Boulders Plummet Onto California Highway After 6.0 Magnitude Earthquake

Videos and photographs posted across social media captured boulders plummeting onto a California highway after the state experienced a 6.0 magnitude earthquake.

In one video posted to Twitter by user Brett Durrant, numerous boulders are scattered across Route 395. Cars can be seen swerving around the boulders in the road, while one man attempts to move the rocks out of the way.

"We had to get out and move boulders to clear the roads and all I was thinking was that if there is an aftershock we are in big trouble. The hills above us felt very ominous," Durrant wrote in a subsequent tweet.

We had to get out and move boulders to clear the roads and all I was thinking was that if there is an aftershock we are in big trouble. The hills above us felt very ominous.

— Brett Durrant (@brettdurrant) July 9, 2021

Another video, posted to Twitter by KGET-TV, captured the moment the boulders began falling from mountains adjacent to the highway.

"Viewer videos from our Bay Area affiliates show boulders coming down in Coleville following the 5.9 magnitude earthquake in Northern California," KGET said in the tweet.

JUST IN: Viewer videos from our Bay Area affiliates show boulders coming down in Coleville following the 5.9 magnitude earthquake in Northern California.

Latest: https://t.co/KLJ2tkh8co pic.twitter.com/AJQpVtu2we

— KGET 17 News (@KGETnews) July 9, 2021

The Caltrans District 9 Twitter account posted several other pictures of boulders on California roads following the earthquake. Caltrans is the California Department of Transportation.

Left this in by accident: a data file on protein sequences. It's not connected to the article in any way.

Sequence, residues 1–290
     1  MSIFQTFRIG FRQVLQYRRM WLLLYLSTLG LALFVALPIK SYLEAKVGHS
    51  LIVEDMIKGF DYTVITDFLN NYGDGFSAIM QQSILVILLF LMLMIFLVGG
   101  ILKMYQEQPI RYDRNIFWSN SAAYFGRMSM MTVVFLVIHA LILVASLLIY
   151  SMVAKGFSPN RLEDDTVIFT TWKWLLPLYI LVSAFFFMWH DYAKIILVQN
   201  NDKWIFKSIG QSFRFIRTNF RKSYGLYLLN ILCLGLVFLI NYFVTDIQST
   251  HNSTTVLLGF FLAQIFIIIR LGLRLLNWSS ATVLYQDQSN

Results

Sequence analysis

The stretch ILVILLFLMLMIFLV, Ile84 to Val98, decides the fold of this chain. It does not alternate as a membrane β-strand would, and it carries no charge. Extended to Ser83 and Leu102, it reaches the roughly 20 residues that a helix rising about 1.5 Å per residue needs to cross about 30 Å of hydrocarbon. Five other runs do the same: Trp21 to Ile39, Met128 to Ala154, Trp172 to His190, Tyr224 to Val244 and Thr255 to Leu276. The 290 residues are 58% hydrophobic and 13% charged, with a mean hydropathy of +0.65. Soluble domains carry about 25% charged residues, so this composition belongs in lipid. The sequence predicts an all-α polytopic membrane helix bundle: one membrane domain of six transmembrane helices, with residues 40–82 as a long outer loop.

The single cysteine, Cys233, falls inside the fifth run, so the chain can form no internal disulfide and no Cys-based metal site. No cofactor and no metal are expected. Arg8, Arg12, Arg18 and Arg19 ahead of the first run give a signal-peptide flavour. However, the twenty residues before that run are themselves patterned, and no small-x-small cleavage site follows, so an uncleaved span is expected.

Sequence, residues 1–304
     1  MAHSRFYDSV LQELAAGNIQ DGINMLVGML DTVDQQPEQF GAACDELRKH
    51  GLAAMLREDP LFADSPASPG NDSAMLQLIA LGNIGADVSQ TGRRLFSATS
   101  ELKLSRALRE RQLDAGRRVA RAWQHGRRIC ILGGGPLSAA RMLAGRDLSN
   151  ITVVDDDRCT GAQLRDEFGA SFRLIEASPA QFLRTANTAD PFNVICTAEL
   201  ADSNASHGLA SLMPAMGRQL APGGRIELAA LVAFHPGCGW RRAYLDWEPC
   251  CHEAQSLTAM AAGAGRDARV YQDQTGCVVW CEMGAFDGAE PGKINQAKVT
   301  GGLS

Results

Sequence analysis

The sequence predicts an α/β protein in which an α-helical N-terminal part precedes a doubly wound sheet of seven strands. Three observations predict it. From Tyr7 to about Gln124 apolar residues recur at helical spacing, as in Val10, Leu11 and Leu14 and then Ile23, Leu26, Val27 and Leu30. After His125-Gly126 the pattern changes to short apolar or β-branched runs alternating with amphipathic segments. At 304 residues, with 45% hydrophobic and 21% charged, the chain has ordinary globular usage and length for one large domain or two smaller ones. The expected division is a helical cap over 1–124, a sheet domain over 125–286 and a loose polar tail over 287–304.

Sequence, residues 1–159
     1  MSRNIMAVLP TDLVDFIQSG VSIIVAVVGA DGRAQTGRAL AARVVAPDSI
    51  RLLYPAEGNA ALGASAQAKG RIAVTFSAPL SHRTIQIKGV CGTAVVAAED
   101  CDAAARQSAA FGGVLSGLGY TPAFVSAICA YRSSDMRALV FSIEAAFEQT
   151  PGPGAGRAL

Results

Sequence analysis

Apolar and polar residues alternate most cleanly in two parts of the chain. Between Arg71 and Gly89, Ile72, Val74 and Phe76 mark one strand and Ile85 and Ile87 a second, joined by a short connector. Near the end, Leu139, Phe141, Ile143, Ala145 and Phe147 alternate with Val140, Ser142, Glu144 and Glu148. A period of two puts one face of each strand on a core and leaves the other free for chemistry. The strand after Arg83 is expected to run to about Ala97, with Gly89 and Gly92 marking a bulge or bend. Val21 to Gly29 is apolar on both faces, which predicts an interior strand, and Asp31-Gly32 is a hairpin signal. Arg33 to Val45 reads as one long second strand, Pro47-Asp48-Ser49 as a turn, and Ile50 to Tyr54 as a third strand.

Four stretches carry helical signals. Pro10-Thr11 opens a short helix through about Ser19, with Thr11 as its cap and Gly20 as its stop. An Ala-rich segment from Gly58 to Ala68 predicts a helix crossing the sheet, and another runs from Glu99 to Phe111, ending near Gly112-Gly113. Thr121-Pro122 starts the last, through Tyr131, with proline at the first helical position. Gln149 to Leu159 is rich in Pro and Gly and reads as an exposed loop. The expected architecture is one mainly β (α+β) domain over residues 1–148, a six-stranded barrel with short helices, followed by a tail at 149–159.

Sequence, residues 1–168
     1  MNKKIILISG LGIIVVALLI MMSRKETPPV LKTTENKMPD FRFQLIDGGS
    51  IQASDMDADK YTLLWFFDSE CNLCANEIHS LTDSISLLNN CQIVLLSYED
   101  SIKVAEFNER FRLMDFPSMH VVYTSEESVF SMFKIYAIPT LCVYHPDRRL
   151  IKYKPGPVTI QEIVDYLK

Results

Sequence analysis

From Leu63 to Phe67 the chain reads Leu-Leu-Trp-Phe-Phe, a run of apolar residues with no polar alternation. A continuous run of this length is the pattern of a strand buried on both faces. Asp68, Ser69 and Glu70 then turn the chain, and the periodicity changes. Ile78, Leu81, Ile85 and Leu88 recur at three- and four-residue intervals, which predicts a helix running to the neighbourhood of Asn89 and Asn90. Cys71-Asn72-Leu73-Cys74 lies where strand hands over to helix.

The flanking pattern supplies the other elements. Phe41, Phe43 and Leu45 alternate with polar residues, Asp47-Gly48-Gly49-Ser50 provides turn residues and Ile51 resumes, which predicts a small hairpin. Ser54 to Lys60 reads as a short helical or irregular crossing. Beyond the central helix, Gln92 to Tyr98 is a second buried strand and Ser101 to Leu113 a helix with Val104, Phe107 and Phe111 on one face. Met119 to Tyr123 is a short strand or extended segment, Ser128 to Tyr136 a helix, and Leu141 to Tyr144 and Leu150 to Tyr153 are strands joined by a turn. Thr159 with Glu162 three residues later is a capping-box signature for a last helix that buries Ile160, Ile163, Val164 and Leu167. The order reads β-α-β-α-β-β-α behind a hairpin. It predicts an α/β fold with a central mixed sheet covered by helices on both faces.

"A string of earthquakes sent rocks tumbling onto U.S. 395 yesterday afternoon. Crews from our Sonora Junction Maintenance Yard responded quickly to remove the boulders and escort vehicles out of Walker Canyon," the tweet said.

#District9onDuty: A string of earthquakes sent rocks tumbling onto U.S. 395 yesterday afternoon. Crews from our Sonora Junction Maintenance Yard responded quickly to remove the boulders and escort vehicles out of Walker Canyon.

📸Credit: Matt Hussman pic.twitter.com/kE3Tm1J87Y

— Caltrans District 9 (@Caltrans9) July 9, 2021

On Thursday, the U.S. Geological Survey reported that the earthquake hit parts of Antelope Valley near California's border with Nevada. The quake "occurred as the result of normal faulting in the shallow crust of the North America plate," the USGS said. "This earthquake occurred along the eastern edge of the Sierra Nevada, a major physiographic boundary along the California-Nevada border."

According to the USGS, at least 33 other earthquakes, with a 5.0 magnitude or higher, have occurred within 100 kilometers of Thursday's quake in the past 100 years.

"The largest of these were a M6.1 earthquake 36 km to the northwest in September 1994 and a M6.1 earthquake 63 km to the north in June 1933," the USGS said.

The Associated Press reported that aftershocks from the earthquake were felt as far away as San Francisco and Las Vegas.

Brian Ferguson, a spokesman for the California Governor's Office of Emergency Services, told the AP minor road damage was reported and but no severe impacts to buildings.

"We were relieved it wasn't anything more substantial," Ferguson said.

California
A 6.0 magnitude earthquake hit parts of Antelope Valley, California, near the border with Nevada, on Thursday. Above, the Interstate 15 freeway, which is heavily used by traffic between Southern California cities and Las Vegas, is seen from the area where it crosses the San Andreas Fault on April 2. David McNew/Getty